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Knute78

Muzzleloader Scopes and Regular Fire Arms Season

23 posts in this topic

I don't want to debate the ethics and use of muzzleloaders with scopes on them. I just have a question regarding the use of muzzleloaders and scopes during the regular firearm (shotgun/rifle)season to settle a debate my friend and I are having. I will not mention which side of the debate I am on.

Can scopes be used on muzzleloaders during the regular fire arm (shotgun/rifle) season in MN?

Thanks for any and all responses.

Chad

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Yes, Scopes are allowed during the regular firearms season on muzzleloaders. Open sights only during the designated muzzleloaders season.

JEV

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Agree, scopes are a-ok in the regular firearm season.

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3rd that. Scopes allowed during regular gun season, not allowed unless by special medical permit during the muzzleloader only season.

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Thanks guys, that solves it.

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Well, I 4th that if it matters.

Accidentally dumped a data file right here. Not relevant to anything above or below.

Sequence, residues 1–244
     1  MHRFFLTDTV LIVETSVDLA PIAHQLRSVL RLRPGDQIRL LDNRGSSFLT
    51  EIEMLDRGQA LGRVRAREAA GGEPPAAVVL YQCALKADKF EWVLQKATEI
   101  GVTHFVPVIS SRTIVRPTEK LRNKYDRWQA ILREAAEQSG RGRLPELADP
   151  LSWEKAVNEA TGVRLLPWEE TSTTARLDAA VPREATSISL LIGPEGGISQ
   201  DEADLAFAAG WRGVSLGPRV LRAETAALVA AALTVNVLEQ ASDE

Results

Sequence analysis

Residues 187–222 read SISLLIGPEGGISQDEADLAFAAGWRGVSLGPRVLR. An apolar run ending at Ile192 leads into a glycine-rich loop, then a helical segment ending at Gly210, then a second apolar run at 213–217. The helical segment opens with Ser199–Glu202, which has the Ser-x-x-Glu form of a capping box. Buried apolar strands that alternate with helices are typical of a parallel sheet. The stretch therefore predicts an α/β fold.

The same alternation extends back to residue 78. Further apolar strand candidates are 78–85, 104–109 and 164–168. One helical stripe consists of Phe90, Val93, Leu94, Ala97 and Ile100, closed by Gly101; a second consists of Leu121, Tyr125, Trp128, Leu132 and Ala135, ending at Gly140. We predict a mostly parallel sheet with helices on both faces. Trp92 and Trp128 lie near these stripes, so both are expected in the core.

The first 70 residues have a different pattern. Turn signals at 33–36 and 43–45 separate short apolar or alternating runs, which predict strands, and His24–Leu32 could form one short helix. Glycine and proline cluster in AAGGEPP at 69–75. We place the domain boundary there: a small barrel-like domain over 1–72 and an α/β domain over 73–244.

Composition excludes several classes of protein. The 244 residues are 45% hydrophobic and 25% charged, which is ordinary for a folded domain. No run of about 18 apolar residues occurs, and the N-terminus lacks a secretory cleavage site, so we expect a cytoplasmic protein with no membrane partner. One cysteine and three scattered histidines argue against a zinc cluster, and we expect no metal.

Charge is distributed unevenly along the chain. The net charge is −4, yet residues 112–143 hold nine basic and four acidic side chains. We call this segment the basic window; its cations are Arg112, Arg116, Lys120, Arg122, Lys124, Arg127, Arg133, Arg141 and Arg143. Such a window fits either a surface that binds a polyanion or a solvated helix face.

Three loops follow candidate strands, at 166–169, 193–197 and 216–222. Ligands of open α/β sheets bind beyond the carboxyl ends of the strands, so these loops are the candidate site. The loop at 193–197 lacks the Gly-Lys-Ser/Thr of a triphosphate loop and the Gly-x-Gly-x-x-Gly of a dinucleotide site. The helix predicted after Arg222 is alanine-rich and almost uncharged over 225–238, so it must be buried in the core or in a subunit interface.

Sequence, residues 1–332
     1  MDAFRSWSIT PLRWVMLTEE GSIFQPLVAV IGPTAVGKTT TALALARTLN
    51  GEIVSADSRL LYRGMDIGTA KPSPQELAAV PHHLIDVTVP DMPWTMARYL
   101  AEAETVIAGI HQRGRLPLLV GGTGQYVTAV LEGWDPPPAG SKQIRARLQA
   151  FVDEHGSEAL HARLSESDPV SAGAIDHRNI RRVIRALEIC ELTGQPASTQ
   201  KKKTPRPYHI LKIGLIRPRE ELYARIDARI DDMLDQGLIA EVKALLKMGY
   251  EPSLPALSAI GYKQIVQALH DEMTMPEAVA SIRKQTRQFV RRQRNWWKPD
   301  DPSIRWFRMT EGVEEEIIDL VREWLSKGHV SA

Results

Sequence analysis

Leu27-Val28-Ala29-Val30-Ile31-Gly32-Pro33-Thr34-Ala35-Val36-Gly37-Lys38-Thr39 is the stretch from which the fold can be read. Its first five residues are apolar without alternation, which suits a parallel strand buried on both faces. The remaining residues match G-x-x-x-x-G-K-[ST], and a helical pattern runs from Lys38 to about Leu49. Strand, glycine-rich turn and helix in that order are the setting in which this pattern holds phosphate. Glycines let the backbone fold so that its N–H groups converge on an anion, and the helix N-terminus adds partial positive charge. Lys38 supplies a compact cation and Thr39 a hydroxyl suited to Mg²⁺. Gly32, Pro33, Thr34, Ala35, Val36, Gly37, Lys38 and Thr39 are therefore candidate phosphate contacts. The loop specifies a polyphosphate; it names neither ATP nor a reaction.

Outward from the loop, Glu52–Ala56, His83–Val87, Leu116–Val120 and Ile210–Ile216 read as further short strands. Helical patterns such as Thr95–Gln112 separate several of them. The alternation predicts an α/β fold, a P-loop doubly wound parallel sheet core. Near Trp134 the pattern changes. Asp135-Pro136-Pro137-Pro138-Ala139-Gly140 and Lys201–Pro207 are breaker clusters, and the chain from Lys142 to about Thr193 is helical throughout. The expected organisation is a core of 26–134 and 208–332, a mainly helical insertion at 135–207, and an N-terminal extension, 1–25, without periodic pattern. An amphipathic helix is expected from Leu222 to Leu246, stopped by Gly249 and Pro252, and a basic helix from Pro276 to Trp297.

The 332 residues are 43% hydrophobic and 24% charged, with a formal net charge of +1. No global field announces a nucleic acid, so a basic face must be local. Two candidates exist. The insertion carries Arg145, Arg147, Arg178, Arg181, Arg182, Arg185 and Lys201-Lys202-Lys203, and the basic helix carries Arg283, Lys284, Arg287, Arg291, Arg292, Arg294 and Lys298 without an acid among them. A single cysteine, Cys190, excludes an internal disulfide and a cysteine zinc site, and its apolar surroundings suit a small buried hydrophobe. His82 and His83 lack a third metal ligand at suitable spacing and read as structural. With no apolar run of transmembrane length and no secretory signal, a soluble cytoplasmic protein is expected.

100% legal during regular firearms season.

Take it off for ML season though. Simple as that.

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Now that it's solved, do we get to hear what side of the argument you were on wink.gif

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What is the reasoning behind not putting scopes on muzzleloaders? I don't know why it would hurt the hunting any. I just think there would be less wounded deer if scopes were alowed.

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I was on the side that agrees that they are perfectly legal with scopes during the regular gun season. I am not completely sure how I feel about the scope issue during the actual muzzleloader season. I'll just stay within the laws as they are now and be happy with it. If I am in the woods and hunting legally I am happy.

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No, there will be more. Scopes are legal during the regular season because so called hunters are lobbing 12 gauge sluggs at 45 degree angles and shooting white horses with riders on them with the excuse that they thought they were shooting at a deer. It happened a couple of years ago! If you can not make a clean shot with open sights from 20-40 yrds. hunt the regular season. I do not think that extending the free for all into mzzl. season will do anything other than have a bunch of deer die slowly from infection from leg wounds tossed out from hunters taking shots that were well beyond the range of the weapon.

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This is exactly where I did not want this post to go.

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But that is your opinion and I do respect that.

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Accidents happen too often but the old fart shooting a horse didn't have anything to do with the scope/no scope question